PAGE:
Art

Butler, Rosemary (7 of 14). National Life Story Collection: Artists' Lives.

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  • Type

    sound

  • Duration

    00:29:47

  • Shelf mark

    C466/94

  • Subjects

    Art

  • Recording date

    2000-02-11

  • Recording locations

    Interviewee's home, Hertfordshire

  • Interviewees

    Butler, Rosemary, 1930- (speaker, female)

  • Interviewers

    Whiteley, Gillian (speaker, female)

  • Abstract

    Festival of Britain 1951. Following Hanover show in 1950, he was commissioned by Hugh Casson to do The Bird Cage. Currently on balcony at Festival of Hall. Approximately 15 feet. Reg made this at Hatfield, before The Oracle. The Oracle. Idea of bird and strange neck. Made it a sculpture yard, near de Havilland aircraft factories where they did daily test-flights with big jets. Rosemary in last year at Slade and became Reg's assistant. Made moulds for Oracle. Invented a bronze that need not be poured - 'shell- bronze' - from tin, copper and lead. These were cast in sticks and with a hot tool, oxyacetylene, you pasted it into the mould rather than having to pour hot metal. Metal with high melting point for the tool. Explains process of shell-bronze. Had to have dry baked moulds. Detailed description of method. All sections were welded together to form bronze shell. All legs and arms made with phosphor bronze. Patination important because shell bronze ended up quite grey. The Oracle was first shell bronze piece. Cheap way of producing bronze sculpture. Rosemary got post-graduate studentship at Slade and took studio at Harrow on the Hill. They built a brick kiln in cellar and Reg took all sculptures over from Hatfield and she cast them all for Reg's next exhibition at Hanover Gallery in 1954. Did 4 of each sculpture and sold them all. Rosemary cast all the work in shell-bronze. Strenuous task. Relationship between Rosemary and Reg developed at this time. Reg's drawings. Different, unrelated activity. 'Pink' drawings shown at Hanover show - mainly done in Cornwall. The Arundels in Treyarnon Bay. Camping holidays. Drawing tent. Peter Gregory joined them. 'Pink' drawings done in carbon pencil and then flooded page with carmine ink. These backed up second Hanover exhibition in 1954. Rosemary chose to do lithography in last year. Reg made a lithography press - Rosemary took a lithography stone from the Slade. Reg did lithographs too and included these in 1954 show. Typical of Reg to make his own press. Reg's perfectionist behaviour. Not till he did painted bronzes that he brought drawing and painting together. Never drew at same time as making sculpture. Reg did very little painting and never showed it. Gregory fellowship. Institute of Contemporary Arts (ICA). Work always retained armature, vestiges of legs. Tripod effect. Last bit of iron - elevated the sculpture. Gregory fellowship - used to go up to Leeds and have discussions with students. Busy time. 1953 - Reg's work in Curt Valentin show in New York. Arts Council bought work from Hanover show. Commissions. Gregory fellowship. ICA show in 1952 - Young Sculptors' show. 1952 - Venice Biennale. Very important exhibition - acclaimed as part of group. Rosemary doesn't remember much about it. He didn't go to venice. He knew all sculptors but not especially expected that artists went to the show. Biennale was then a different event. Curt Valentin. Thinks Henry Moore might have suggested he show Reg's work. Reg picked him up from airport - often Xmas Eve - and took him to Hatfield and studio. Valentin Gallery was then very prestigious.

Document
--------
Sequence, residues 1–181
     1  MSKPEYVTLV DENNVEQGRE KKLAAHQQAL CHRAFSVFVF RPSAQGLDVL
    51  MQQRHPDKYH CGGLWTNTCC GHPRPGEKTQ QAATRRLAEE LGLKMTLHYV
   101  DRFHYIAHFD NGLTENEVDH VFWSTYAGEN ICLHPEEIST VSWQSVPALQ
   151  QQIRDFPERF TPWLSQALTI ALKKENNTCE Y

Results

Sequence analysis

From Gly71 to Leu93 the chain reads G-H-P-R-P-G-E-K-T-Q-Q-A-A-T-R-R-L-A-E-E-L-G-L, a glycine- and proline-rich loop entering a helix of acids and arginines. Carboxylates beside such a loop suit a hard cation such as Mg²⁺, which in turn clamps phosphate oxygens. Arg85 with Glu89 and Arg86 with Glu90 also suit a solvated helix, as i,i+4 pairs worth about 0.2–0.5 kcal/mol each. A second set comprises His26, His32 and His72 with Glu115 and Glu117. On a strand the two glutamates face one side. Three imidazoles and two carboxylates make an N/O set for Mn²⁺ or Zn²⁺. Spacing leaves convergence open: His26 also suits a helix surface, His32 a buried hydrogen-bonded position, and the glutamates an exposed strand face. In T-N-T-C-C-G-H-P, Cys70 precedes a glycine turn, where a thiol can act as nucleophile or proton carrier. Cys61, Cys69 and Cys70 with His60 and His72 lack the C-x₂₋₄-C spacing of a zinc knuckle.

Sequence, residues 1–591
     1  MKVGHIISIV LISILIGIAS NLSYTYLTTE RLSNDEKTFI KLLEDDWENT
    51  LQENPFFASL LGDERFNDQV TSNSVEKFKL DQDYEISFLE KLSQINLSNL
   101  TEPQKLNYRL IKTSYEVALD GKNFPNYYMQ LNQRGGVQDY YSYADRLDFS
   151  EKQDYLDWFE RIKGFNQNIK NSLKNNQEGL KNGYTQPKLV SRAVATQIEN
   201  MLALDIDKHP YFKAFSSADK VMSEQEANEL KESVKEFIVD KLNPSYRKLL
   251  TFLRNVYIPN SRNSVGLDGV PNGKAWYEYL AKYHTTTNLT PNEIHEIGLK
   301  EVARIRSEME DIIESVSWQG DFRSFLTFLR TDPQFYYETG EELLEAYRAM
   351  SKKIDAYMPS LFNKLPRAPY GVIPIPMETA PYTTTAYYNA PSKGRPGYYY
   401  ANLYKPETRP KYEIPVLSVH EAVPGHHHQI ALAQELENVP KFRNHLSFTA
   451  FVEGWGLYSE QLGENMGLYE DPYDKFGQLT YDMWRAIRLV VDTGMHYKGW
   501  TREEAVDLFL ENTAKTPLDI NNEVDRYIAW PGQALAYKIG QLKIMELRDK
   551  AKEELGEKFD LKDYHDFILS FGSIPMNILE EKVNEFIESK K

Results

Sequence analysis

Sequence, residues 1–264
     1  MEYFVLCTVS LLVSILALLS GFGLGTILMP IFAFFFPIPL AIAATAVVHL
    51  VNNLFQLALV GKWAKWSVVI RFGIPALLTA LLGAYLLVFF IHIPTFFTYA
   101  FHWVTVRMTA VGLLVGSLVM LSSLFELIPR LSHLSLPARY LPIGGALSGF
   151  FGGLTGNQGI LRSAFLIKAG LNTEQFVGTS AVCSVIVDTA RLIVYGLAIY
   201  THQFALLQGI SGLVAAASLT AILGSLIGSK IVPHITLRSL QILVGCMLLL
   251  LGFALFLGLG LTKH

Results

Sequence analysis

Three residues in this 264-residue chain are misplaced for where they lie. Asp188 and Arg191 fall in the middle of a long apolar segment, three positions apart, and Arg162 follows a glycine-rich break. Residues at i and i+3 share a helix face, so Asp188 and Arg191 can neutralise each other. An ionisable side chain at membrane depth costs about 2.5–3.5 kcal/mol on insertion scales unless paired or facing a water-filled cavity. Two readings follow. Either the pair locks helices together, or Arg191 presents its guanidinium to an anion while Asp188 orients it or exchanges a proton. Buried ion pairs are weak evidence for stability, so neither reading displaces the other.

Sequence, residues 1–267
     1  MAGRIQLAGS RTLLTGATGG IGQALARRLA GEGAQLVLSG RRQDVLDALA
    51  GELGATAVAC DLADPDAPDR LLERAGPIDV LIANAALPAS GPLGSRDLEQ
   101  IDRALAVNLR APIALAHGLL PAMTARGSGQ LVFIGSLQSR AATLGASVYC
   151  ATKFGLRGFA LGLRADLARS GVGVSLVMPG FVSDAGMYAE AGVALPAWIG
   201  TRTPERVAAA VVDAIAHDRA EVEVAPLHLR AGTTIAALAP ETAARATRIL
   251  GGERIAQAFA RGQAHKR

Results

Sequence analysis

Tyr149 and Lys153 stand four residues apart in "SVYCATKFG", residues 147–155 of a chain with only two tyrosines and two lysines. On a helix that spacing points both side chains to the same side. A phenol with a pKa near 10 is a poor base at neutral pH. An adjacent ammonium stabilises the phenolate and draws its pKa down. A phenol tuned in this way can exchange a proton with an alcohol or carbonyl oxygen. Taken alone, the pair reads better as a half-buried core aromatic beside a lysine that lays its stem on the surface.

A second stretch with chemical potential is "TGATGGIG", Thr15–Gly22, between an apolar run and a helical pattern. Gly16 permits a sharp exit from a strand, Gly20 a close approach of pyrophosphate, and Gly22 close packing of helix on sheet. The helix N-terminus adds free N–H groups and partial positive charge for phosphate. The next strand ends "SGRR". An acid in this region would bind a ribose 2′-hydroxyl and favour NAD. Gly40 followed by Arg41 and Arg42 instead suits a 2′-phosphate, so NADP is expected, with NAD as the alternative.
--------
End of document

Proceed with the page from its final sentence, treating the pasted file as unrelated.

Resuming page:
• Description

    Rosemary Butler is the wife of the late sculptor, Reg Butler (1913-1981). Over the course of this interview, she discusses Reg Butler's life and work.

  • Related transcripts

    Rosemary Butler interviewed by Gillian Whiteley: full transcript of the interview

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